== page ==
Keeping Score

Tiger’s Masters: The Swing Is the Thing

Forget about the sex scandal. Why too many swing changes may cost Tiger Woods a shot at sports immortality

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David Cannon / Getty Images

Tiger Woods watches his tee shot during the first round of the 2011 Masters Tournament at Augusta National Golf Club in Augusta, Ga., on April 7, 2011

Will Tiger catch Jack? As this year’s Masters teed off on Thursday morning, what was once an easy question — of course Tiger Woods will break Jack Nicklaus’ record for most wins at major tournaments, 18 — seems harder than ever to answer.

Since Woods won the 2008 U.S. Open in superhero fashion, playing on a broken leg to beat Rocco Mediate in a playoff, he has failed to win a major. (He currently has 14 titles.) A torn anterior cruciate ligament (ACL) shut down the rest of his 2008 campaign. After Woods came up empty in 2009, and revelations about his numerous extramarital affairs resulted in a tumultuous off-season, he has not won a single tournament. Woods is no longer the world’s top-ranked golfer — he’s now in the seventh place, looking up to Germany’s Martin Kaymer, the world’s No. 1, and five guys he used to regularly crush, like Phil Mickelson and Luke Donald.

(See pictures of Tiger Woods’ best victory moments.)

Many fans and pundits have simply chalked up Woods’ recent struggles on the links to distractions. Once Woods recovers from a scandal that broke up his marriage, cost him millions in sponsorship money and presumably took away his once legendary focus in the most mental of games, why won’t he be the same old Tiger? But a revealing article in the April issue of Golf Digest, in which writer Jaime Diaz speaks to the five men who have served as Woods’ swing coach through the years, casts serious doubt on that assumption.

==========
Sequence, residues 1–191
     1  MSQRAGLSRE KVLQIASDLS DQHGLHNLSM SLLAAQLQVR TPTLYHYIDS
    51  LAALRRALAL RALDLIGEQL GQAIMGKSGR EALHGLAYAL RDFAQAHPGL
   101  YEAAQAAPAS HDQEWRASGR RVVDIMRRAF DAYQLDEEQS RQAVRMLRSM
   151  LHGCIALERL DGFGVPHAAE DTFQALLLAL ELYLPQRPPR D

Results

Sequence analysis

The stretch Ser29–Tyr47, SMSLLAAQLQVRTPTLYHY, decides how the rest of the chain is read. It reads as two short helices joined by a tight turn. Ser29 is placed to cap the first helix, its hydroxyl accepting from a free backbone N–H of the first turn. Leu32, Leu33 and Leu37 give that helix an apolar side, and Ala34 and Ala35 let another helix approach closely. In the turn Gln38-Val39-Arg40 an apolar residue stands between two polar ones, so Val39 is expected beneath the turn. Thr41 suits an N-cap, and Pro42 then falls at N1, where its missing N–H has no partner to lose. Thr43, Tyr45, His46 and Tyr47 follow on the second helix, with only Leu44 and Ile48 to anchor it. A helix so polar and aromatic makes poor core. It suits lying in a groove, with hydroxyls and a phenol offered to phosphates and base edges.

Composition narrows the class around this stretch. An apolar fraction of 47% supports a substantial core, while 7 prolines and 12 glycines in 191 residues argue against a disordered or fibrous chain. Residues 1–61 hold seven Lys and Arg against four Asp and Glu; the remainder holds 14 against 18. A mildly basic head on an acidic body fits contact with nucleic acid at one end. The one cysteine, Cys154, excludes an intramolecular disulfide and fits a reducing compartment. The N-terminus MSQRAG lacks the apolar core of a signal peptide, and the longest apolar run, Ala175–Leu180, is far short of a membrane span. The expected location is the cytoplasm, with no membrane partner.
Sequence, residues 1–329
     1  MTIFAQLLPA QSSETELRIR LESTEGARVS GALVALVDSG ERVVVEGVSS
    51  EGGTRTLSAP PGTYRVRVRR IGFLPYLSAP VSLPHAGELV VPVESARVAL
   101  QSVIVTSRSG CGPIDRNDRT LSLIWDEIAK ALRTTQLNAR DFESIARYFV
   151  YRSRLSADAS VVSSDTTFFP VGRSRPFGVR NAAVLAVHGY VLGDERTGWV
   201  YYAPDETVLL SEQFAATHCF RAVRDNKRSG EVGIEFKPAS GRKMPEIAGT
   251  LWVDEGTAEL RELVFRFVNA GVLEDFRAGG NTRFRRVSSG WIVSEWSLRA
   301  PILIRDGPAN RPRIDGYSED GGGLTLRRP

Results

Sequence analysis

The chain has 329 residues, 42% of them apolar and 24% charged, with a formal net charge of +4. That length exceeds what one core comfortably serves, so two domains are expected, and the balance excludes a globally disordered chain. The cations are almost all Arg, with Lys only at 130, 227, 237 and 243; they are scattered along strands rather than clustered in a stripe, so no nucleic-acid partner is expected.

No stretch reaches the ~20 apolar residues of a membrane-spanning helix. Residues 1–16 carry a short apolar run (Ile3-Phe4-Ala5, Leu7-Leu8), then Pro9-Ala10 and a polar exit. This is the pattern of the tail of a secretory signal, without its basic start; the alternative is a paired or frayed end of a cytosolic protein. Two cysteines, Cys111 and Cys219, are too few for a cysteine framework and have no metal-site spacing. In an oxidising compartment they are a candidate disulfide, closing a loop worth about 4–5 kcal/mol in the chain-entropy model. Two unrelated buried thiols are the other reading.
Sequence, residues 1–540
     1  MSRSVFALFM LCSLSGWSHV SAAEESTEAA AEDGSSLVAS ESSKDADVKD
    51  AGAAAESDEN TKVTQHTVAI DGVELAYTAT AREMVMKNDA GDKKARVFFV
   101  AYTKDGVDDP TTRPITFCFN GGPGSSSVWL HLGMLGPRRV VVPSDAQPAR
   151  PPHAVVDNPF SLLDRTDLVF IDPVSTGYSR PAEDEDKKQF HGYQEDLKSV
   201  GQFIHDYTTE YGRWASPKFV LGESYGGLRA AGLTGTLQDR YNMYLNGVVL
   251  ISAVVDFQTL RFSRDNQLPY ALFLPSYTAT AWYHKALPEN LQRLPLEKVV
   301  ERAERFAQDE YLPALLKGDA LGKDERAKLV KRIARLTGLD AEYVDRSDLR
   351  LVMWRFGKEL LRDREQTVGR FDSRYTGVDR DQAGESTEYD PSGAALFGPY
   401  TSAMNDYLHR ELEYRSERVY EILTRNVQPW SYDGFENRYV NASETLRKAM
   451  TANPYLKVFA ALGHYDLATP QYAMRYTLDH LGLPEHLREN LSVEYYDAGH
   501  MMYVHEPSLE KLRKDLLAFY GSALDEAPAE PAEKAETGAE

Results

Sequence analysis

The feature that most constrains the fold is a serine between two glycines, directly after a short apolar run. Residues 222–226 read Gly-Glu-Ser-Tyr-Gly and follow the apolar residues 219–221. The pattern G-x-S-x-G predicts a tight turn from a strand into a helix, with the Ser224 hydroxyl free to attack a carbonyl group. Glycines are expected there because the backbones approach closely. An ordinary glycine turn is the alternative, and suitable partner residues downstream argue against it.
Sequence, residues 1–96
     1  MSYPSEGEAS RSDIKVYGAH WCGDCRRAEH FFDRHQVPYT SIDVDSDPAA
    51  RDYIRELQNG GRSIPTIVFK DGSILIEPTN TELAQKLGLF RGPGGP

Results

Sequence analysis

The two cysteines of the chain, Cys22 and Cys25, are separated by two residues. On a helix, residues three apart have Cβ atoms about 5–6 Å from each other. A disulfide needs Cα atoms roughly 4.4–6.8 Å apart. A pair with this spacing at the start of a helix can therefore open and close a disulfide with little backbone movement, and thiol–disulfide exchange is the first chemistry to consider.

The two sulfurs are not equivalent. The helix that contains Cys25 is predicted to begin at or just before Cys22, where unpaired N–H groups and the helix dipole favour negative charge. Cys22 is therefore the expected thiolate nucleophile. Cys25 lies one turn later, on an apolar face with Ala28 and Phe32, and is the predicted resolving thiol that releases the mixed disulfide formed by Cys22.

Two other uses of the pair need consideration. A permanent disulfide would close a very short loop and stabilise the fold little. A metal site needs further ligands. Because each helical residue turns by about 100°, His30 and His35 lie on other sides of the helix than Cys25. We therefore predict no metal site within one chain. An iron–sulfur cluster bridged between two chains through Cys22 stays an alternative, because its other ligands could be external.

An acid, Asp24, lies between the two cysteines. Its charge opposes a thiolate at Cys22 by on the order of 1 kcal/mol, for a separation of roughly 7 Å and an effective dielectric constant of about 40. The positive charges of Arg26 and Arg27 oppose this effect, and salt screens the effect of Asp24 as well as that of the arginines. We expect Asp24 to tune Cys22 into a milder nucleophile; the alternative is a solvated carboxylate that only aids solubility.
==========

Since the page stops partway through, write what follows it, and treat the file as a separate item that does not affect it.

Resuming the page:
Woods is now in the middle of his third major swing overhaul as a professional, under the tutelage of a brash, new coach, Sean Foley. And it’s only fair to wonder if Woods’ constant swing tinkering will cost him a shot at sports immortality.

No higher authorities in golf than the King and the Golden Bear are raising the issue. “I just sort of giggle,” Arnold Palmer told Diaz. “I think Tiger has a basically sound swing, and he should stick to it. Always changing, it takes away from something that is really good.” Nicklaus agreed. “When Tiger started out, there was nothing mechanical about him,” Nicklaus told Golf Digest. “Now he plays by mechanics, but I’ve noticed that when he starts making mistakes, he instinctively reverts back to feel. When he really has to win something, the touch and feel that he reverts to produces some unbelievable results. There are no mechanics at all when he’s really under the gun. That’s how he should play all the time.”

(See a brief history of the Tiger Woods scandal.)